This Conservative government seem to think that “rigour” means taking education decisions out of the hands of teachers. Michael Gove - a journalist - started this course of action. He criticised us when we told him it would not work, and pressed ahead regardless.

Multiple studies have shown that the mental health of children is suffering under this government. This has been known as far back as 2015: http://www.independent.co.uk/news/uk/politics/over-focus-on-exams-causing-mental-health-problems-and-self-harm-among-pupils-study-finds-10368815.html with 90% of teachers agreeing that SATs preparation is harming students’ mental health: https://www.tes.com/news/school-news/breaking-news/nine-10-teachers-believe-sats-preparation-harms-childrens-mental

3. Grammar Schools

We do not need grammar schools. We don’t. If we increase funding to all state schools to a level reflective of needs, allow teachers to develop a ‘grammar curriculum’ (lots of extra-curricular, increase independence of teachers), give schools ‘grammar resources and invest in better pastoral care (decent behaviour interventions that selective grammars don’t need) then we won’t need grammar schools. Don’t let Theresa May fool you.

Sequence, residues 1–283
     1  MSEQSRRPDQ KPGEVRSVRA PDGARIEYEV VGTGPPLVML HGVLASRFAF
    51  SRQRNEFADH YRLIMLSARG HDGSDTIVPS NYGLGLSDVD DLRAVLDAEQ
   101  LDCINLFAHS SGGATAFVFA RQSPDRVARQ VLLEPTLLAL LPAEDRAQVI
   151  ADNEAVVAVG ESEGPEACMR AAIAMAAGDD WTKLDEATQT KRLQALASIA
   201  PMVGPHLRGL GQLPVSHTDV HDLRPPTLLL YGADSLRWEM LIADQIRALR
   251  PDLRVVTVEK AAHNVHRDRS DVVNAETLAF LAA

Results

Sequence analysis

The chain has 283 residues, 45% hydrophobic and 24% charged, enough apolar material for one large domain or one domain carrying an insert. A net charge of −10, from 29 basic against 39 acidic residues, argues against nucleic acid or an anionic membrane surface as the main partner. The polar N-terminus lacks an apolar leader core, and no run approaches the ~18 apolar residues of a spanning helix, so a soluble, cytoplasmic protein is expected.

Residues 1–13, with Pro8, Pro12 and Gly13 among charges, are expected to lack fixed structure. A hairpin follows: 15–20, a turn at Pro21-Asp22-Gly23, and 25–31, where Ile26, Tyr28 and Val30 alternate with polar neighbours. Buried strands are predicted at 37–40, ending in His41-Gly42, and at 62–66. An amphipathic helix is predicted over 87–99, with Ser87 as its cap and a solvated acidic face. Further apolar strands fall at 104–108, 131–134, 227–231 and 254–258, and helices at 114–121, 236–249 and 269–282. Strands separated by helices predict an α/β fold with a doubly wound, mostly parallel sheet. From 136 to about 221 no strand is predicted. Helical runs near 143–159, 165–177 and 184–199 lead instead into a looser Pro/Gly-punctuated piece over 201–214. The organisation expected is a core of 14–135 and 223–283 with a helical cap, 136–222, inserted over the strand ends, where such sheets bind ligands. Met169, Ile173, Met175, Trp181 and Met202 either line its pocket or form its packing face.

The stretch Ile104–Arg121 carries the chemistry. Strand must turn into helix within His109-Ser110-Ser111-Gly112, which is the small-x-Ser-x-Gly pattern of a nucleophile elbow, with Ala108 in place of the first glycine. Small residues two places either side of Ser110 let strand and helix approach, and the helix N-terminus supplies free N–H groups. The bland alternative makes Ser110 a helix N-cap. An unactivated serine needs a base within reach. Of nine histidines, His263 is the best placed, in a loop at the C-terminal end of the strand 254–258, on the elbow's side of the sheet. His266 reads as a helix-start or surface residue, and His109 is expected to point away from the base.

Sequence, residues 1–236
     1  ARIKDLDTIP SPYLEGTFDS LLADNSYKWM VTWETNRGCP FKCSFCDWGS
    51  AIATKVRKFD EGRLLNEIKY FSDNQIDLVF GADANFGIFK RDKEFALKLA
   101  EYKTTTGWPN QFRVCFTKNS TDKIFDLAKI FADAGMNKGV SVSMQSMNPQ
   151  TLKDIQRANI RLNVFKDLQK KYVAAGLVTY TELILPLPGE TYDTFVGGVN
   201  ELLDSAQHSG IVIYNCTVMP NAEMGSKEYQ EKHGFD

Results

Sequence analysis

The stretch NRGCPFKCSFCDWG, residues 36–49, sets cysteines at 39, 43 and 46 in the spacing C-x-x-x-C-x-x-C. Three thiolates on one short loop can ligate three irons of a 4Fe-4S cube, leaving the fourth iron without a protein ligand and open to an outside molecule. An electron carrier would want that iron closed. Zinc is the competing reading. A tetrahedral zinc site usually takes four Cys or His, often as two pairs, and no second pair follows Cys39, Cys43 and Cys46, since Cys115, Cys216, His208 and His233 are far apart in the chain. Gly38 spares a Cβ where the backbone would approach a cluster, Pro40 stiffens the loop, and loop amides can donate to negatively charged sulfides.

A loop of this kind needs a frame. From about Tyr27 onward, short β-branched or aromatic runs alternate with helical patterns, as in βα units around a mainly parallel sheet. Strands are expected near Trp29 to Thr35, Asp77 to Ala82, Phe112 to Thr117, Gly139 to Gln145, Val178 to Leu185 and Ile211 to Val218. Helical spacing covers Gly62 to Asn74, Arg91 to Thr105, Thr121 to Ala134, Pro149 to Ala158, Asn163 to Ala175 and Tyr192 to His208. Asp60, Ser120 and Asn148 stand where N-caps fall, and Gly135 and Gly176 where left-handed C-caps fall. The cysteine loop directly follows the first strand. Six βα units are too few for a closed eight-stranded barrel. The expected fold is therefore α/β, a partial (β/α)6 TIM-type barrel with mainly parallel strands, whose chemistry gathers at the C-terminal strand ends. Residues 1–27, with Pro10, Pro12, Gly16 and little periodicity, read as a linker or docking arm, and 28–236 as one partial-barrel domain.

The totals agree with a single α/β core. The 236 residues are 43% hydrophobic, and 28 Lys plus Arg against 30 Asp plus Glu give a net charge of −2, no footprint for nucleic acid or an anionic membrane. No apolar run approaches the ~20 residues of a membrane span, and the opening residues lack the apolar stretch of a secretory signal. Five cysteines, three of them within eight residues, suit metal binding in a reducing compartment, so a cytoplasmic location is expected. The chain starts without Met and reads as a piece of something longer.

The Conservative government say that working class students need a decent chance to succeed, and so she wants to build grammar schools above investing in local state-run facilities? Riiiiight. It’s a clear fact that house prices in catchment areas are higher. It’s a clear fact that middle-class families usually spend on tutoring and so more middle-class children get into grammar schools.

Why do we need to build more schools when we can just give more money to existing ones?

It’s easy to improve a school. Stop cutting funding and invest in decent support services. Which leads me to…

4. Cuts to Funding

When I entered teaching in 2005, most classes had a learning support assistant (you may know them as a TA). These people were incredibly important - they worked with SEND students, BESD (behavioural, social and emotional difficulties) students, assisted with students who had been absent or were having trouble accessing the curriculum and they did this on minimal pay, with minimal complaint. I once taught a class where two girls, twins, had complex SEND needs, spoke no English, could speak Arabic and German but couldn’t read it, and had no social skills. My TA was incredible, and she developed a whole scheme of picture-based activities for them to help them become happy, capable members of society.